Why you shouldn’t lose your faith in humanity

This is my column this week in the New Zealand Herald, which is published in the digital edition every Thursday…

If you spend too much time watching the news, reading the comments online, or on Twitter, it can be easy to feel that the human race is spiralling towards ever more cruelty, selfishness and brutality.

Yet despite this, at least in day-to-day life, most people seem fundamentally good. Society in New Zealand — despite what some might say — works.

Underpinning the capacity for billions of human beings on the planet to live with varying levels of co-operation, is the imperfect ability to be altruistic.

Altruism is something that has puzzled psychologists and students of human nature throughout human history. If you look at our species from an evolutionary perspective, generosity towards others — even to the point of being willing to sacrifice our own lives — makes no sense. Generosity towards those we aren’t related to does nothing to improve our genes’ chances: quite the opposite.

Yet, it would seem that as a result of having to live in co-operative societies for thousands of years, generosity and fairness in our interactions with each other is the default.

An experiment, dubbed “the ultimate game” illustrates this, and it consistently — across different groups and cultures — yields the same results. In the experiment people are paired up, and one of them is given a sum of money to share. After one round, you change partners so you never get to “return the favour” with the same person.

The person allocating the money gets to make one offer, no negotiation, and gets to decide how much, from zero to 100 percent, of the money to offer to the other person. If the offer is rejected, neither party gets any money, if it is accepted they both get to keep the amount.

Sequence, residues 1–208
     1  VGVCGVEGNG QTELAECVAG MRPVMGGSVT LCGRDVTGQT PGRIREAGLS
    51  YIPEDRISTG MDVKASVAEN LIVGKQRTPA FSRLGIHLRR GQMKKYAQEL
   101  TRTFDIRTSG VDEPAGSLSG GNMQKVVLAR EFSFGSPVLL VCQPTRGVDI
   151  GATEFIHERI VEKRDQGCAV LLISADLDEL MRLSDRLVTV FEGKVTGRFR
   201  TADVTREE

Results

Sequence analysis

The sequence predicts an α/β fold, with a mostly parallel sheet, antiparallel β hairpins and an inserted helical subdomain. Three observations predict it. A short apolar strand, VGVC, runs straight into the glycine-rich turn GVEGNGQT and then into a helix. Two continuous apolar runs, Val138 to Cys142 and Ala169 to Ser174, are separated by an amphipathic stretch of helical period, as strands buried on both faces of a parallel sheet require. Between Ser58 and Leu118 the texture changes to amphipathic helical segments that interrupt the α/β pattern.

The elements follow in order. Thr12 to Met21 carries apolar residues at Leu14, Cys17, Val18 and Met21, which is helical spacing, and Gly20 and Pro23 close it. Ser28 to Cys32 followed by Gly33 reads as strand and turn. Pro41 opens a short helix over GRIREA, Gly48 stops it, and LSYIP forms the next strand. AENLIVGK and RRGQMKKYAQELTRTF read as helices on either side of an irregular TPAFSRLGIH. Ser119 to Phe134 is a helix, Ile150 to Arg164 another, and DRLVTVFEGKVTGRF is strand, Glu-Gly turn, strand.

What would you do?

Well, the most common offer in experiments is a 50/50 split. Offers too small are rejected, despite the fact that means sacrificing an amount of money. On the other hand, individual selfishness does tend to stop people from making overly generous offers, but an understanding of generosity tends to push towards fairness.

Capitalism, and rational economic theory tends to have us believe something different. It says people will try to maximise their own gains, and behave selfishly. This would tend to predict that people will take whatever they’re offered — because something is better than nothing — and that those offering the deal will tend to try and keep as much as possible. On average, this isn’t true.

On average, people are good.

So while we may elevate those selfish deeds, those atrocious acts, and the problems of the world as newsworthy — because they are — it’s important to remember that all is not lost. Given the opportunity, and the right conditions, most people will do the right thing.

But there is one proviso with the “ultimate game” experiment. Largely, these experiments are conducted where the participants are from the same society. It’s easy to share, and be generous with those we see as being like us.

So call me a Social Justice Warrior, but it isn’t altruism or a lack of generosity that is driving our species to the brink. It’s the growing focus on difference, nationalism and race.

It takes effort to drive us away from altruism and generosity. And it’s going to take work to get us back to that place too. Because there’s no avoiding the fact we’re all in this together.

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